Review: Forlesen – Hierophant Violent


There’s something about sadness.

My recent fondness for Wills Dissolve both lessened my aversion to albums consisting of long songs and had me bumbling around on the Hypnotic Dirge Bandcamp page. There I came across Forlesen‘s debut. Released all the way back in April, the album cover did seem to ring a bell, but I hadn’t checked it out yet, perhaps due to the format. Two tracks instead of just one, but both clocking in at around 20 minutes. Unwieldy, for sure. Nonetheless, now hardened by Echoes, I listened. Then I listened again. Then I immediately bought it and, during a third listen, embarked on the rambling review you’re about to read (or not). This spontaneity is pretty uncommon, and I hope it speaks to how taken I am with this record that it made me bypass my usually agonizing workflow.

While I initially thought that the slew of tags on the album’s BC page was a generic batch that every release on the label gets, I soon noticed that the “drone doom” tag doesn’t appear on all the records. And that’s where we begin: a low, ambient drone, from which the first song “Following Light” slowly, ever so slowly, builds. The press text mentions that the record was created at a time of immense loss, and that’s what I imagine this starting point to be; a moment where the almost proverbial “I don’t know what to say” as a reaction to a sad occurrence has become very literal. Can any artistic expression—any utterance—be made in the face of all-encompassing grief? The song doesn’t seem to know and has to feel this out. Softly, it extends feelers into the droning emptiness. Minimal sounds, a smattering of vocals. And as the drone responds like dry earth to rain, synths begin to take hold, and the energy softly increases as we find that yes, something can be said, and something needs to be said, even if the search for a more acute vocabulary takes up almost half the song. Analog instruments and more discernible vocals only begin to appear after the synths have prismatically broken the silence into a kaleidoscope. Tentatively, but seemingly emboldened by the options just discovered, they begin to speak of their grief, unfolding into soft, melodic doom, continually building up confidence even as the initial drone threatens to drown it.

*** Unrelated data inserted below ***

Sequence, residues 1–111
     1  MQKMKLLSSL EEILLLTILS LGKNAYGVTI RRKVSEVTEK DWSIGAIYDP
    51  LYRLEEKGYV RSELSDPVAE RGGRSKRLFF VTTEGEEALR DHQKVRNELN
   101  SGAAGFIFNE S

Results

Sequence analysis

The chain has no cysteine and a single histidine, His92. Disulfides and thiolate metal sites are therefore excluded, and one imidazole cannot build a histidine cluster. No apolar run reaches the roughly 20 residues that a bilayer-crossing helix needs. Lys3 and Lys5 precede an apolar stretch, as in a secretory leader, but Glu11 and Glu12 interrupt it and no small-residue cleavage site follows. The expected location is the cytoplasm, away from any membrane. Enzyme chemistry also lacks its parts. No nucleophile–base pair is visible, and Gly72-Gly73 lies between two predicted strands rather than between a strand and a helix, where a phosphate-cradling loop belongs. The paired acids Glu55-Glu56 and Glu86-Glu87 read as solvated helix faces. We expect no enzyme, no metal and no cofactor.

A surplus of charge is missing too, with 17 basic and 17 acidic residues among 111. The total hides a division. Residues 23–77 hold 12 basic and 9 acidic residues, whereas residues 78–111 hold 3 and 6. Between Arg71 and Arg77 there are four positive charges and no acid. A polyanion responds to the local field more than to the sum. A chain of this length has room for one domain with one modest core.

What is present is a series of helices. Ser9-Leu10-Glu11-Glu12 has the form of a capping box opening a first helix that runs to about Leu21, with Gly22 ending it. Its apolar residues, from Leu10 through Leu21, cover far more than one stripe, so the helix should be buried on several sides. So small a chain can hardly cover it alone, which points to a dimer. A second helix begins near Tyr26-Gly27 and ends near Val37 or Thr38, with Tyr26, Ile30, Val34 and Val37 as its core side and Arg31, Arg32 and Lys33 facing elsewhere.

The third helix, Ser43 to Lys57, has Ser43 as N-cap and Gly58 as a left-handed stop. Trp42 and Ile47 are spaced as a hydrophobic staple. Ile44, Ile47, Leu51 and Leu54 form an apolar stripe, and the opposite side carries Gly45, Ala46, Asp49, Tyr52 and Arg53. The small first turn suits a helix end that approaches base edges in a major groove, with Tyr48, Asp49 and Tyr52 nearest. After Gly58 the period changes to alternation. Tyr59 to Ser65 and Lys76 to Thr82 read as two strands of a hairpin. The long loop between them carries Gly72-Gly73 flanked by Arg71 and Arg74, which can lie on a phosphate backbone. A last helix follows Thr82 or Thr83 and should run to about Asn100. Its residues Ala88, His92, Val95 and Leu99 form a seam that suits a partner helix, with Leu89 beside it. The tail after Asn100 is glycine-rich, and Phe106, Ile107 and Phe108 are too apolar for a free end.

After all that, second song “Nightbridge” doesn’t need to start at absolute zero; knowing the potential of what can grow from the void, it begins to throw a bit more into it. The void magnifies the meager input tenfold as a sudden angry, incessant banging causes the formerly half-whispered, half-muttered vocals to shriek in despair. If we refer to the stages of grief for a moment, we might find that it’s high time for anger, and clearly, there is something angry just outside the door that wants to be dealt with. But the song is not beholden to the program of Grief Counseling 101, so for now, that anger is quelled in favour of a slow vent of energy that somewhat resembles Flesh of the Stars‘ brand of doom. Before long, however, it’s back with a vengeance and cuts through the music with an incredibly stark burst of black metal. Righteous and necessary as it feels, the energy cannot be maintained for long, but even as the music resumes the minimal doom riffing, the outpour continues in the vocals, albeit in a fashion resembling an absolute breakdown, until words fail once again and a heart-wrenching guitar solo takes control of draining the emotional reservoir. The song’s closing moments are tired to the bone, utterly spent by what it worked through. Has closure been achieved? It doesn’t feel like it, but perhaps that is too much to ask anyway. The hole left by whatever loss inspired this record can probably not be filled in 40 minutes. Perhaps it can’t be filled at all. Perhaps life needs to re-arrange around it. Perhaps we will see Forlesen continue to try to build something from nothing.

Hierophant Violent is available on Hypnotic Dirge Records.

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